In 2016, we named Nu Guinea’s Tony Allen Experiments as our album of the year. Garnering critical praise for their reworking of Allen’s legendary drum patterns, their hugely successful debut earned its place on Comet’s Afrobeat Makers series. In spite of their far-reaching global sensibilities and adopted Berlin hometown, the duo’s upcoming album, titled Nuova Napoli, is a homage to their Neapolitan roots.
Playing out as a work of cultural historiography, the LP is a product of the band’s extensive research project, piecing together the diverse influences that shaped their city’s thriving cultural scene in the 70’s and 80’s and joining the dots between Napoli’s great icons of jazz, funk, disco and boogie. Channelling the likes of Pino Daniele, Napoli Centrale, Tony Esposito and Tullio de Piscopo, this 7-track LP is headed straight for the dancefloor, whilst retaining the duo’s characteristic ‘live’ sensibilities. Enlisting the help of some of Napoli’s finest talent, the album features the likes of prominent local saxophonist Pietro Santangelo, Marcellio Giannini on electric guitar, and Roberto Badoglio on bass. The album seethes with a cosmic, Coltrane-esque sense of expectation and atmosphere. Steady variations from the keys of classic synths strike funky notes in a Neapolitan dialect, whilst a confident brass section pays homage to the duo’s boundless Afrobeat influences.
Released on Nu Guinea’s own imprint NG Records, the LP is due for release on April 27th. We caught up with the duo at this exciting time to discuss some of the influences and inspirations behind their latest output. Enjoy.
Hey! How are you feeling having completed your upcoming album? It seems this project has really been a labour of love, coming together over a year of extensive research and hard work…
Hello guys, we feel very excited about it – it was the right time to express through music our love for Napoli, our beloved hometown. The creative process included many trips back home and countless hours trying to construct a product that would make sense. It was a melting pot of euphoria and moments where we were ready to give up because w couldn’t get some tracks to sound the way we wanted to. This could easily be defined as one of the hardest projects we have worked on in our career. We really hope to get no vegetables chucked at us!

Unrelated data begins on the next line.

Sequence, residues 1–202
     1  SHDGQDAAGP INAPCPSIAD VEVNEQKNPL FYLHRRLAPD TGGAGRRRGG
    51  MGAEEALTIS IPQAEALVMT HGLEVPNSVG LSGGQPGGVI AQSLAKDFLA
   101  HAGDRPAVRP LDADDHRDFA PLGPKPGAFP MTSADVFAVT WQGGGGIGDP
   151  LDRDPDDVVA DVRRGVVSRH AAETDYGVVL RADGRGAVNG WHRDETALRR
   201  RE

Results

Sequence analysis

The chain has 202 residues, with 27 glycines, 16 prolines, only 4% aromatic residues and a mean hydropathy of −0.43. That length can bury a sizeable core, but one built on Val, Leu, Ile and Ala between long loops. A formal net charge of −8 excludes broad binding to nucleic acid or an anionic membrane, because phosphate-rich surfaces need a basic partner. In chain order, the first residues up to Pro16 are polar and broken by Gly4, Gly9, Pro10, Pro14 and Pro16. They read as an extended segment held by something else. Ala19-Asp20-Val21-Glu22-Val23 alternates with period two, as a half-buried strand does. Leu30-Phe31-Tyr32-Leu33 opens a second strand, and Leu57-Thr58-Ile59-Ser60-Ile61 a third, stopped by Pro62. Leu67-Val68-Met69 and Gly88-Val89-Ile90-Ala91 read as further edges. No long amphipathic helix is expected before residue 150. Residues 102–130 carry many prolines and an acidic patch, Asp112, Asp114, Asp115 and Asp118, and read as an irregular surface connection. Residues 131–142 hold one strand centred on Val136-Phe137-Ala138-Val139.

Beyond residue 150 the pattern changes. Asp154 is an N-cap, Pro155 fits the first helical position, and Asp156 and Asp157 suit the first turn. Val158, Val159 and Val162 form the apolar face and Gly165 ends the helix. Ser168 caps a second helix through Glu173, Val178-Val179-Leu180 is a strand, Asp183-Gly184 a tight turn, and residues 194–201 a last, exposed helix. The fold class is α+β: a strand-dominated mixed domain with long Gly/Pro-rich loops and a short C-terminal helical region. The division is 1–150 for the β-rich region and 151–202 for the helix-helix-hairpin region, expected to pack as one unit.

How do you feel your sound has developed from your previous releases?
We like the fact that each of our albums has got a precise concept and vision behind it. In this case, we were influenced by Neapolitan artists and bands from 70’s and 80’s. The development of our sound is strictly influenced by the music we discover and constantly evolves day by day.
The album sounds a little more ‘live’ than some of your previous output, how did the tracks on Nuova Napoli tend to come into formation?
We started working on it in Berlin using a Linn 9000 drum machine, a few synths and spontaneous jam sessions. As soon as the instrumental tracks started to take shape, we understood that replacing a few synthetic sounds with acoustic instruments would fit the vision that we had in mind. The sound of a true saxophone, a guitar and a real drums helped us to enter a world of sounds that brought us back to our childhood when we were listening to Pino Daniele or Edoardo De Crescenzo on repeat. It was also fun to sit down with a few friends and write down some lyrics in Neapolitan dialect. Our studio became a mess of notes and papers. This time we truly let ourselves go to the point where we also started singing on our own tracks which never really happened before… and not long after we realized why…. and that’s when we had to call a professional singer. (Besides from one track “Stann Fore” where our vocals make a one-off appearance.)
In light of this, can you tell us a little bit about your choices of local musicians to work with on this album?
Napoli has always been full of great artists and musicians. Growing up in Napoli we had the chance to meet a wide number of musicians. They usually met in a place called Cellar Theory, where we heard some of the best musicians doing open mic jam sessions. We always thought that one day we would have worked with them. Moreover, Neapolitan musicians have Neapolitan folk music in their blood, which has unconsciously influenced their way of expressing themselves through their instruments. We worked with Pietro Santangelo (saxophone), Fabiana Martone (vocals), Andrea de Fazio (drums) and Marcello Giannini (guitar). We also worked with an amazing bass player, Roberto Badoglio. He’s a Northern Italian guy but we feel like he has a Southern heart. Same goes for our great Polish percussionist Adam Pawel.
Regarding your creative process, it’s been noted that you approached Naples ‘from a distance’ constructing the album in Berlin. What effects did you find that distance from the city created for you?
The fact that we missed our hometown definitely played an important role in the creative process. Berlin is a very open-minded city and gives you many opportunities but it definitely lacks the warmth we’re normally used to. Little things such as having breakfast with coffee and sfogliatella, people shouting random stuff in the Spanish quarters, the smell of clean clothes hanging off some weak piece of string in the middle of the road, old women talking to each other from one balcony to another…. little memories like that really make us miss our city.
Aside from diving into the history of Neapolitan masters (Pino Daniele, Napoli Centrale, Tony Esposito), where else did you draw influence from for this LP?